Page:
Steel works prove delicate yet durable
One of the most important series of local exhibitions is the “Tributaries” succession at the National Ornamental Metal Museum. Launched in 2008, “Tributaries” has brought to the museum 28 artists and craftspeople whose nationa l reputations bring honor to a sometimes overlooked institution. The wide diversity of these artists’ work reflects the great variety of vision and technique — whether extravagant or elegant, functional or fanciful — that blacksmithing and metalworking can achieve.
Many of the participants in “Tributaries” have ties to the Metal Museum, including the latest, Stephen Yusko, who served as a blacksmithing apprentice and artist-in-residence at the museum from 1991 to 1996. His exhibition, spare and thoughtful, will be displayed through Aug. 7.
Every work of art is a balancing act, whether in the whimsical, off-center, just-poise-for-equilibrium fashion — think of Paul Klee’s chirping, f lirty drawings and watercolors and Calder’s beautifully and improbably balanced sculptures — or in the sense that artworks challenge assumptions about utility and aesthetics, method and madness, medium and message. Yusko’s pieces in his “Tributaries” exhibition encompass all of these liberating and provocative factors.
The artist lives in Cleveland, Ohio, and it’s interesting that his work displayed here evokes the machinery and mechanics of Northern industrial cities, their 19th century railroad trestles and bridges spanning historic rivers with names derived from Native American languages — Cuyahoga, Allegheny, Susquehanna — when iron and steel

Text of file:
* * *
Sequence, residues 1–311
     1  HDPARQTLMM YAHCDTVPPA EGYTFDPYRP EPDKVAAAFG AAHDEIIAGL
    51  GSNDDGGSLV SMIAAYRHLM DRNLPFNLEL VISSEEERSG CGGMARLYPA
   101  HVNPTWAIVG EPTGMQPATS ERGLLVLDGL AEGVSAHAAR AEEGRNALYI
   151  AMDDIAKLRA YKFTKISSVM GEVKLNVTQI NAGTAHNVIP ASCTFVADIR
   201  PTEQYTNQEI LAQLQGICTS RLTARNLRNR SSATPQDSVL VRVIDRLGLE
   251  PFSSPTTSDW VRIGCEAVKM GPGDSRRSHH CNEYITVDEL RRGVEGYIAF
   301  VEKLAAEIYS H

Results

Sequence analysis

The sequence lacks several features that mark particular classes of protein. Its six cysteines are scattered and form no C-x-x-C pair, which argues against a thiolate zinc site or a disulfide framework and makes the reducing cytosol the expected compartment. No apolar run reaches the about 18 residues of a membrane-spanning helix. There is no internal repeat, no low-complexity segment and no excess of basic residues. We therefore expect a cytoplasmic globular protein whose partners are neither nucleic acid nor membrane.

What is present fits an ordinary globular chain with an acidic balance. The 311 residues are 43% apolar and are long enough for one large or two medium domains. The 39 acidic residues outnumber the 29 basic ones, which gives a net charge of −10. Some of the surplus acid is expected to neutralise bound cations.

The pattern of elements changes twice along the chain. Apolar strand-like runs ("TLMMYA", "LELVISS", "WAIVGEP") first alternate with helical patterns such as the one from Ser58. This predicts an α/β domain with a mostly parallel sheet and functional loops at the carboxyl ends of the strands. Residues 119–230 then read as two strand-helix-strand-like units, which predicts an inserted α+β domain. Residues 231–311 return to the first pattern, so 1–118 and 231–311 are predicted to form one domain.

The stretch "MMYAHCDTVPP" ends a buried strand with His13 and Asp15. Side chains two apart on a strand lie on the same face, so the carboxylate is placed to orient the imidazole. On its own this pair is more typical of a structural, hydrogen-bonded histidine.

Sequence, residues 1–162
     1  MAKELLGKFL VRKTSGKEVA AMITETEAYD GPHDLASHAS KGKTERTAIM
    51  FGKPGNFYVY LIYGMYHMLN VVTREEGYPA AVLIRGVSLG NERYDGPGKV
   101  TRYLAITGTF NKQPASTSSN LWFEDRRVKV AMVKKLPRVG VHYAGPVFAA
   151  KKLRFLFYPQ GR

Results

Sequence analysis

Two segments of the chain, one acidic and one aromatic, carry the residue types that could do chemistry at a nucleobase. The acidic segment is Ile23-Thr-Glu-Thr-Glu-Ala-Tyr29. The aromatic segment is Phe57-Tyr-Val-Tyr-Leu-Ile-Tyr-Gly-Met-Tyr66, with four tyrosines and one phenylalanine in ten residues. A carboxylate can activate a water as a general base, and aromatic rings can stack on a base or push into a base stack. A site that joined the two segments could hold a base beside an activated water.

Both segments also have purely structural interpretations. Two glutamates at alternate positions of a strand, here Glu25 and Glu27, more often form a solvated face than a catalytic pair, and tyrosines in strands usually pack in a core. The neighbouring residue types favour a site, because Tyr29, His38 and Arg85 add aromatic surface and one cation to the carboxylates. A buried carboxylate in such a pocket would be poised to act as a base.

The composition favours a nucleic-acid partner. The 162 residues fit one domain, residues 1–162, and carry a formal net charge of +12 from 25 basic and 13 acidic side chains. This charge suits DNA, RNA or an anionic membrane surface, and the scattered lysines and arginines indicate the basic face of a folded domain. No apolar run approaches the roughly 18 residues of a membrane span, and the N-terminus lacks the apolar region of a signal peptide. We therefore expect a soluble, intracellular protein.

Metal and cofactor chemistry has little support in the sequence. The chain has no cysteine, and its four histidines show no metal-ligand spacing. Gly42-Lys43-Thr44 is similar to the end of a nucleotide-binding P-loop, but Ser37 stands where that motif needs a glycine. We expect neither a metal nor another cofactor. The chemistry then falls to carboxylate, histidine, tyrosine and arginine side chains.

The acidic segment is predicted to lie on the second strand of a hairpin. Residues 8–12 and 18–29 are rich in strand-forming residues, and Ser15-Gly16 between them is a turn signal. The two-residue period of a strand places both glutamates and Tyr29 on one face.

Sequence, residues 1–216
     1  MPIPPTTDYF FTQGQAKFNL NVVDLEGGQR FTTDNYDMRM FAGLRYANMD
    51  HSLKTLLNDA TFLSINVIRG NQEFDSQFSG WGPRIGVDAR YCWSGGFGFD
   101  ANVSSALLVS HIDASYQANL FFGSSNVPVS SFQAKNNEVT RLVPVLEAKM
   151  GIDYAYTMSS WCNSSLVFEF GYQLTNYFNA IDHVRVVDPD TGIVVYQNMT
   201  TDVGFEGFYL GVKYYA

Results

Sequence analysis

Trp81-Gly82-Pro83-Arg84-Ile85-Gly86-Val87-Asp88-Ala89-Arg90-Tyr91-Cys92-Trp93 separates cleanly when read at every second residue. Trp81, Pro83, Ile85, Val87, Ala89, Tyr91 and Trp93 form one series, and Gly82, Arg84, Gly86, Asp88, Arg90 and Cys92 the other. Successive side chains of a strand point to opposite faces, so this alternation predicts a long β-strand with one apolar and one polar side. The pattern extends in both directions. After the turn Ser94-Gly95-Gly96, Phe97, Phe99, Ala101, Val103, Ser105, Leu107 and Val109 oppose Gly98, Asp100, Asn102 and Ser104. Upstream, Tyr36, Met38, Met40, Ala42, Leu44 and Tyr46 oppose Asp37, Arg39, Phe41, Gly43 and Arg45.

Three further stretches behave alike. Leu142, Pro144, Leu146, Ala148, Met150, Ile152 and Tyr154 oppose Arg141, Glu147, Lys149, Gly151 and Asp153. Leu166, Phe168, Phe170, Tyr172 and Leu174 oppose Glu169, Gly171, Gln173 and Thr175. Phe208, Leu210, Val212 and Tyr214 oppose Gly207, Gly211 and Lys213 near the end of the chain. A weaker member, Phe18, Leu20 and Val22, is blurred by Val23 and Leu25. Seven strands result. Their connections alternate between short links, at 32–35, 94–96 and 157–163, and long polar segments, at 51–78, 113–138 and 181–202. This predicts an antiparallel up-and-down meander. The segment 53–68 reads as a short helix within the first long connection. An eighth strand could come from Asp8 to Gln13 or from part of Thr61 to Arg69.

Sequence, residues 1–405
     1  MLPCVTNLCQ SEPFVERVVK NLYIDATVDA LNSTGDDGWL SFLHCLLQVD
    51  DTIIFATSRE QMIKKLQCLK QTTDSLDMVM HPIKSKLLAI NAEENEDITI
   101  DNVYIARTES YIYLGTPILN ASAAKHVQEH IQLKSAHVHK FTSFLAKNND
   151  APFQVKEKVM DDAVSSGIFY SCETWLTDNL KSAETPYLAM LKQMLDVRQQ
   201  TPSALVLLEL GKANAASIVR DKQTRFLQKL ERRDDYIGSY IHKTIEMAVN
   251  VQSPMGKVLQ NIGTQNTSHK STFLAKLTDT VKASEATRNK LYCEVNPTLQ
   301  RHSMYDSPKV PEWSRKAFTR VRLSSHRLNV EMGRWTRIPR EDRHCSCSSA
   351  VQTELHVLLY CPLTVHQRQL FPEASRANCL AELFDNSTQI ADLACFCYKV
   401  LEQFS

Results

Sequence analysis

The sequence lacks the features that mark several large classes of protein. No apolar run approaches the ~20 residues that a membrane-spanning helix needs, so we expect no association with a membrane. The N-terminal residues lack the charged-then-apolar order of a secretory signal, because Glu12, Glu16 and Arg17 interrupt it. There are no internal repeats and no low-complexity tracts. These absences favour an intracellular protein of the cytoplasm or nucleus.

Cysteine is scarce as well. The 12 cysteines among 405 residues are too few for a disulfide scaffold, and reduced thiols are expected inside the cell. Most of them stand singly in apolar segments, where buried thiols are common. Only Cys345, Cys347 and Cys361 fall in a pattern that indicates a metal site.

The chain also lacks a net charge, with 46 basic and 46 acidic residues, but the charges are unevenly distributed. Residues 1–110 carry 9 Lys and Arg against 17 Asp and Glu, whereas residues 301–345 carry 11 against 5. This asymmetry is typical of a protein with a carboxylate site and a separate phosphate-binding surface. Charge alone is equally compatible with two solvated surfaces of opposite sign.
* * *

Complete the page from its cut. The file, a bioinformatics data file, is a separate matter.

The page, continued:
became kings of the Old Northwest. Yusko upends expectations, though, through the pure elegance and impeccable, seamless craftsmanship of his metalwork and by a sense of whimsy that is unsettling enough to verge occasionally on mildly disturbing.
One would not, for example, want to go with “The Way Things Go,” necessarily, since the small yellow house perches at one end of a narrow steel road that does a loopde-loop at the other end where a similar yellow house careers through the loop, like a carnival ride. The construct is held high by a sequence of pairs of narrow, slightly curving legs as delicate as little cat’s feet yet seemingly as permanent as a monument. The joints where the legs are fastened to the road, here and in similar pieces like “Long Way Home” and “The View from Here,” illustrate the care and sense of style that Yusko takes with the smallest and finest details.
The attention to matters both broad and minute does not fluctuate with pieces like the two “Intersection Tables,” one subtitled “Stainless Detour,” the other “Double Yellow,” small objects that mimic roads diverging but with possible use as tables if you were so inclined. The anomalies in this group of works that stand on thin legs are three quite small boxes named “Signal Box (trio),” which I wondered about until realizing that the colors, red, yellow and green referred to Stop, Caution and Go; and the compact but imposing “Citadel,” a bleak fortress that resembles a combination of a Midwestern grain elevator and a primitive castle from one of the more backward environs of Westeros. I think he has fun with that.
Yusko accomplishes his balancing act with aplomb and grace, though he deals in a most durable medium: forged, machined and fabricated steel.
His entry in the “Tributaries” series is neither the largest nor the most flamboyant, but in its wit, its style and evocative nature, it succeeds brilliantly.
Stephen Yusko, “The Way Things Go”; forged machined and fabricated steel; 2015. From “Tributaries” at the Metal Museum.